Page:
The book gives a good overview of Japanese and American surface doctrine throughout the war. Early in the war, of course, the 24″ Long Lance torpedo proved a great advantage for the Japanese, although not as much of one as is commonly supposed. American surface effectiveness increased considerably when a) effective torpedoes became available, and b) when commanders developed an effective torpedo attack doctrine. Both of these developments were critical, and helped turn the tide in the Solomons campaign. American gunfire, especially as provided by the 5″/38 gun, also eventually proved to be a great asset. Japanese tactical and operational doctrine, although advanced at the beginning of the war, was less flexible than that of the USN. In particular, O’Hara notes that the Japanese successfully conserved their major surface units (battleships and heavy cruisers) through 1942 and 1943 to no great effect; the units that might have been decisive in 1942 were overwhelmed in 1944. Also, in spite of what has become their historical reputation, Japanese commanders demonstrated considerable tentativeness in battle, and in many cases pursued risk-averse tactics that precluded them from following up major opportunities. The USN officer corps proved far more flexible, aggressive, and capable than its IJN counterpart.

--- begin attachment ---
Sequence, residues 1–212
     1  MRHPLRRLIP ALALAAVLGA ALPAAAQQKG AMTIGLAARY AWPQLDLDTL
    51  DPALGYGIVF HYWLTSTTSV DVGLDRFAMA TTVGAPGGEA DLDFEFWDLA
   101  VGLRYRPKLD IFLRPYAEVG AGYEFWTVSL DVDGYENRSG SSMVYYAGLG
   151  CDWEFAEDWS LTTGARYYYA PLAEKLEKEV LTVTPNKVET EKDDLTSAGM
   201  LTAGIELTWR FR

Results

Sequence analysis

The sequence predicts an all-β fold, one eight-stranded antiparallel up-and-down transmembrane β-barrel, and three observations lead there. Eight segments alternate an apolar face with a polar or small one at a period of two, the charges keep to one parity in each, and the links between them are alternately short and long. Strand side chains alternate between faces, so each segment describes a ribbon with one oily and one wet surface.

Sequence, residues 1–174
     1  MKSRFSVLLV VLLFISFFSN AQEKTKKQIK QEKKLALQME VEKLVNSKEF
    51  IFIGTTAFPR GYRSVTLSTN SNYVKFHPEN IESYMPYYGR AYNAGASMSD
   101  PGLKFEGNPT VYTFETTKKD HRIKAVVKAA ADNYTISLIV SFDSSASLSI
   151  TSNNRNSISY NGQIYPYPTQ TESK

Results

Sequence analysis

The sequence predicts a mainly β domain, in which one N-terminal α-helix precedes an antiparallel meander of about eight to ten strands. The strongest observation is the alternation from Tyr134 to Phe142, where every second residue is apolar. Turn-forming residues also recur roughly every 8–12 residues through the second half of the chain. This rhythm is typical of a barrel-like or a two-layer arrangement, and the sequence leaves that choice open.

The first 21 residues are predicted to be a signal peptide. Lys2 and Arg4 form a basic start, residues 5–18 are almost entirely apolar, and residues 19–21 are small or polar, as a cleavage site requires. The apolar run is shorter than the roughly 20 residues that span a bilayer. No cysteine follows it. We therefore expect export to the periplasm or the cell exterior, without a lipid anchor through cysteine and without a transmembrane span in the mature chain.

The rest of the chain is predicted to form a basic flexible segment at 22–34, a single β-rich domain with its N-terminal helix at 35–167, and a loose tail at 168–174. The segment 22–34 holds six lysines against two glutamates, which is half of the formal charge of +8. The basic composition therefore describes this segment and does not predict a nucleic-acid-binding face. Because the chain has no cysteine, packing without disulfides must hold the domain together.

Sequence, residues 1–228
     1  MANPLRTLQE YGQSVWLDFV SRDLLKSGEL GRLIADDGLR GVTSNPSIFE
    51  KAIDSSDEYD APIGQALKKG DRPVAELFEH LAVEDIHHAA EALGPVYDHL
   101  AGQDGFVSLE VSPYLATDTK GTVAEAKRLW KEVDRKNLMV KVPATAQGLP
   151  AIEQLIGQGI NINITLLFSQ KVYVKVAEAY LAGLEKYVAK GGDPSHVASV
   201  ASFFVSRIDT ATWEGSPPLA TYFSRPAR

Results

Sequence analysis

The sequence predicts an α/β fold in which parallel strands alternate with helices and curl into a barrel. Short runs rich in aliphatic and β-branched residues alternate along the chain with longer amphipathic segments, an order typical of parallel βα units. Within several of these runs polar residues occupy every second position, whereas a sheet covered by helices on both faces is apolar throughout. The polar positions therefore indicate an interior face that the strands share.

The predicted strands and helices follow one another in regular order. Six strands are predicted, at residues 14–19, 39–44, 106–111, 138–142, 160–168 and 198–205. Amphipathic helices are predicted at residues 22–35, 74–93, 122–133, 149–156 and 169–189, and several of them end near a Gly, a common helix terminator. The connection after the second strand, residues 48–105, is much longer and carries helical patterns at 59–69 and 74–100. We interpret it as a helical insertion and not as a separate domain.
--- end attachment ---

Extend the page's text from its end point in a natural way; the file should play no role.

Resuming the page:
O’Hara has only a minimal discussion of the role of the older US battleships, apart from the action in Surigao Strait and the strategic situation following Pearl Harbor. Earlier this year, an LGM correspondent forwarded me this article, in which David Fuquea argues that the older battleships were underutilized in the Pacific campaign, particularly towards the latter part of the Solomons campaign. Fuquea suggests that the older ships had enough speed to intercept Japanese ships in the Slot, and enough firepower to tip the balance strongly in the US favor. The major objections to using the battleships seem to have regarded fuel efficiency and vulnerability. The former makes sense, but apparently does not apply by the late 1942 portion of the campaign. The latter does not make sense; it seems that the older battleships were simultaneously considered too valuable to risk, yet to useless to use. Given that the USN (and the Allied navies in general) was lousy with old slow battleships by 1943, it seems to me that the use of the older ships would have been worth the risk. Had the Second Battle of Gualdalcanal gone differently, and had USS Washington been sunk or seriously damaged, the use of the older ships in the Slot may have been forced in any case.